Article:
This editorial by Scott Barton, principal and founding member of The Preuss School UCSD and TSC signatory, first appeared in the UT San Diego on November 9, 2012. 

In a recent local poll, the majority of likely voters backed some educational reforms including extending the school year and the school day. As an educator and administrator, I was pleased to hear of this support. Unquestionably, what our students need is more time in school. I do not mean increasing time simply for the sake of adding time. This is about redesigning and expanding learning time for all students.

At The Preuss School UCSD in La Jolla, I see firsthand the impact of more and better learning time. Preuss is a charter middle and high school for low-income, highly motivated students who strive to become the first in their families to graduate from college. We employ a variety of research-based best practices proven to help prepare low-income students to be first-time college attendees. A longer school day and school year is one of these key practices. Our students are in school longer each day and for 23 days more than the typical student in California. After completing middle and high school, our students have accumulated almost an entire extra academic year.

With that additional time, we have been able to develop an environment where students are continually empowered to develop a greater sense of self confidence. We foster a culture of high academic performance and encourage intellectual risk-taking. We also use the time to offer art, music and physical education – subjects that are increasingly cut from other schools yet have been shown to improve students’ educational experience and can lead to greater academic achievement.

The results speak for themselves. Preuss graduates are consistently accepted to four-year colleges and universities at a rate of nearly 95 percent, and almost 100 percent are going on to some form of higher education. The Preuss School has been named the nation’s top “miracle high school” by Newsweek magazine, and given the no. 1 spot in the magazine’s list of “transformative schools” for the second consecutive year. We were also named the top charter school in California in a report released earlier this year by the University of Southern California’s Center on Educational Governance. These achievements are due – in no small part – to the power of expanded learning time.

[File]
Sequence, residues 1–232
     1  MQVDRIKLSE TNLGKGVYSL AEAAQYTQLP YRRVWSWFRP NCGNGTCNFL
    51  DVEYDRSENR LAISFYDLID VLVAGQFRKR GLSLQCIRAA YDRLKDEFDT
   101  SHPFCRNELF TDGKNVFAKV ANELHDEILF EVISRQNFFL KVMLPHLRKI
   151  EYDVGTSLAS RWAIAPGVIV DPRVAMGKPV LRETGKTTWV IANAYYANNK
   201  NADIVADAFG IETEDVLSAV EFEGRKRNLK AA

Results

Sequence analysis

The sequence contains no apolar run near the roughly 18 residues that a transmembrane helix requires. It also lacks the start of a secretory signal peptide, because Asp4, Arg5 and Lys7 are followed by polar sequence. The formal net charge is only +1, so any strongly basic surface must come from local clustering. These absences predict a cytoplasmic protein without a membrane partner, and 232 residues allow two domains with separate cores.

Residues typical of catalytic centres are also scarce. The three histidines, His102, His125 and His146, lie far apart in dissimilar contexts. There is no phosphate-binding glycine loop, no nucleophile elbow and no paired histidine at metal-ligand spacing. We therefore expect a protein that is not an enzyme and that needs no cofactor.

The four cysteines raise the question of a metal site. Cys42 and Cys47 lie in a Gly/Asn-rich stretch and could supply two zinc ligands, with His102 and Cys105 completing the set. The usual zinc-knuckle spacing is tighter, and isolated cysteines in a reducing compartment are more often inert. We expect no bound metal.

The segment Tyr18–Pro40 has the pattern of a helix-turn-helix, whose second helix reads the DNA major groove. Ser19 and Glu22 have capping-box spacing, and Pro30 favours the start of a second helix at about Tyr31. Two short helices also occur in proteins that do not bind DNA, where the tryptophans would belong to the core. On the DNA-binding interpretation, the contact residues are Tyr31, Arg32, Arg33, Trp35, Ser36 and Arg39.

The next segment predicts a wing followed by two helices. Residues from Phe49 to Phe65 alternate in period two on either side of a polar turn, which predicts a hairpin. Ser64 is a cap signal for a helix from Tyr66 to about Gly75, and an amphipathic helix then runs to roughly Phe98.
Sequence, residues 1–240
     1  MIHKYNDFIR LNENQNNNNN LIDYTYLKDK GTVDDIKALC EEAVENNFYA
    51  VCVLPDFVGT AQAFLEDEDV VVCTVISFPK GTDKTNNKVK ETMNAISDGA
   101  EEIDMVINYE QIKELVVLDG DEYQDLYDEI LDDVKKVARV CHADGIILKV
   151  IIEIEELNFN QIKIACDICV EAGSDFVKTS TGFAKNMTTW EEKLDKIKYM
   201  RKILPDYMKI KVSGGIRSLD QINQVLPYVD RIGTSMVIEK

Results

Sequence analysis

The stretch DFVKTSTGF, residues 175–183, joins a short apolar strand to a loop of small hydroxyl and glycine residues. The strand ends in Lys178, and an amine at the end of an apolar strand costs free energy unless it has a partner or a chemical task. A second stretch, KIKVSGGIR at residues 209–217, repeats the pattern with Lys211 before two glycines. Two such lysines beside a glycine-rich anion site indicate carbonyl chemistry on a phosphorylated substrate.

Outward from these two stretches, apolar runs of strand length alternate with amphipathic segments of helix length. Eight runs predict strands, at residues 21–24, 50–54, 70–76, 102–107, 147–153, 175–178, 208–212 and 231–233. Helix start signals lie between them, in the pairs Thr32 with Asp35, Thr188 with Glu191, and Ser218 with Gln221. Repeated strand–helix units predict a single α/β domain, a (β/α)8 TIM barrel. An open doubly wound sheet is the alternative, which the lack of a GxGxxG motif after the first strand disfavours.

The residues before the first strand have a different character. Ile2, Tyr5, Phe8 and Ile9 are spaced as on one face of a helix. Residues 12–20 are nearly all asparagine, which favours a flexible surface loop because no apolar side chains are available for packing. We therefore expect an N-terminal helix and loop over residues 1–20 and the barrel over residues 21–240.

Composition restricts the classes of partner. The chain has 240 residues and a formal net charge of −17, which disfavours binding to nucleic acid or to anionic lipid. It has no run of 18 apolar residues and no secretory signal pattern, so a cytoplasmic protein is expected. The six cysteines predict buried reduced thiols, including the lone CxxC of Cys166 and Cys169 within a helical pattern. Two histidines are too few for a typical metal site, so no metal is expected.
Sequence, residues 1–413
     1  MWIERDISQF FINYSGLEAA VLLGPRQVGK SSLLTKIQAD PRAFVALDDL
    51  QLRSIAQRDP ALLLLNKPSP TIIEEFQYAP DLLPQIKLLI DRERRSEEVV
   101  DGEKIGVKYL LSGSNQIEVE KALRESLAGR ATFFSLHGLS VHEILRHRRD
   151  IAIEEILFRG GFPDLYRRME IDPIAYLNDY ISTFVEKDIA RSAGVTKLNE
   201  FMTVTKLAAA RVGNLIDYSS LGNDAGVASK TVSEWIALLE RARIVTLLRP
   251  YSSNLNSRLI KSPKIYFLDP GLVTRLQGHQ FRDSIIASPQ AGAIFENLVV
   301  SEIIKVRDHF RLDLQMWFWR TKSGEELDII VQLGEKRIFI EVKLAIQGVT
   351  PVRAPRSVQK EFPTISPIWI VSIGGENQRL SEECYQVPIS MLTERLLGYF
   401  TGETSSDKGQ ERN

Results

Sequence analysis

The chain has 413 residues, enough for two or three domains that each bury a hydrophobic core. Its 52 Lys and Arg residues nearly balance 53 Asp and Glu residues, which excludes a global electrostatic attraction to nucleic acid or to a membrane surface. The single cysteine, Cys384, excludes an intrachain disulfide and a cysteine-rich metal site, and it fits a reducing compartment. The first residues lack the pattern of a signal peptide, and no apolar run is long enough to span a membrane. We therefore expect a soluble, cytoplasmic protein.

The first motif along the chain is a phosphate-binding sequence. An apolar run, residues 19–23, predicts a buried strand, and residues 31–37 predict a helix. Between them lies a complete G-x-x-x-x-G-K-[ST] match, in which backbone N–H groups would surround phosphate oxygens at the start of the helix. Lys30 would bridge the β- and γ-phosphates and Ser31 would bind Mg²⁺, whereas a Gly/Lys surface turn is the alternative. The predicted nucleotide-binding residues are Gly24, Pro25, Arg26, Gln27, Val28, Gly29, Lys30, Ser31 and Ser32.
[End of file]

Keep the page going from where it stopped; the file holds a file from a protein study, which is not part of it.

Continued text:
And we are not the only school to recognize the impact of more learning time. Right now, more than 1,000 schools across the country are expanding learning time for their students, and using this additional time to help students succeed academically, to provide for a well-rounded education that includes arts and sports, and to facilitate teacher collaboration and professional development. I am proud to have signed on as a signatory to the Time to Succeed Coalition, a national coalition advocating for expanded learning time in our nation’s high poverty communities. While we may not agree on everything, all the signatories believe in the tremendous impact expanded learning time can have.

You can learn more about the Time to Succeed Coalition at I hope you will join with me in supporting expanded learning time. With the current 175-day school year, California already has one of the shortest school years in the country. But if we want students to get the transformative education they need to succeed in life, what we need is more time in school, not less.